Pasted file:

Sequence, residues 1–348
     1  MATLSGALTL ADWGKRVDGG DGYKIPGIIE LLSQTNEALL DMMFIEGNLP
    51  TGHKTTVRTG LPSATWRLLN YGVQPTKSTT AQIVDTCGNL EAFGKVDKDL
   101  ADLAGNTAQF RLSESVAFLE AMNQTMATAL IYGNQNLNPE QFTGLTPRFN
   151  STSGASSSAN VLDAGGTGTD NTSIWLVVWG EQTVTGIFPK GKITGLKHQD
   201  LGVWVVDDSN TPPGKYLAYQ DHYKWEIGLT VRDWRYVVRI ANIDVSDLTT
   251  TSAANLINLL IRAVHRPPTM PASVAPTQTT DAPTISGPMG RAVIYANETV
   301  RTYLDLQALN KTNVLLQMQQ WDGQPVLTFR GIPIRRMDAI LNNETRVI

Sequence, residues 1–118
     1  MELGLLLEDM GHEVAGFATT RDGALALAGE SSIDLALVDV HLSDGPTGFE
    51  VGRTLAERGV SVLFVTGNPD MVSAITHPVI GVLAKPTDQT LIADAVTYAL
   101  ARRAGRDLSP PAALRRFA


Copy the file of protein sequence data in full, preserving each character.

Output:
Sequence, residues 1–348
     1  MATLSGALTL ADWGKRVDGG DGYKIPGIIE LLSQTNEALL DMMFIEGNLP
    51  TGHKTTVRTG LPSATWRLLN YGVQPTKSTT AQIVDTCGNL EAFGKVDKDL
   101  ADLAGNTAQF RLSESVAFLE AMNQTMATAL IYGNQNLNPE QFTGLTPRFN
   151  STSGASSSAN VLDAGGTGTD NTSIWLVVWG EQTVTGIFPK GKITGLKHQD
   201  LGVWVVDDSN TPPGKYLAYQ DHYKWEIGLT VRDWRYVVRI ANIDVSDLTT
   251  TSAANLINLL IRAVHRPPTM PASVAPTQTT DAPTISGPMG RAVIYANETV
   301  RTYLDLQALN KTNVLLQMQQ WDGQPVLTFR GIPIRRMDAI LNNETRVI

Sequence, residues 1–118
     1  MELGLLLEDM GHEVAGFATT RDGALALAGE SSIDLALVDV HLSDGPTGFE
    51  VGRTLAERGV SVLFVTGNPD MVSAITHPVI GVLAKPTDQT LIADAVTYAL
   101  ARRAGRDLSP PAALRRFA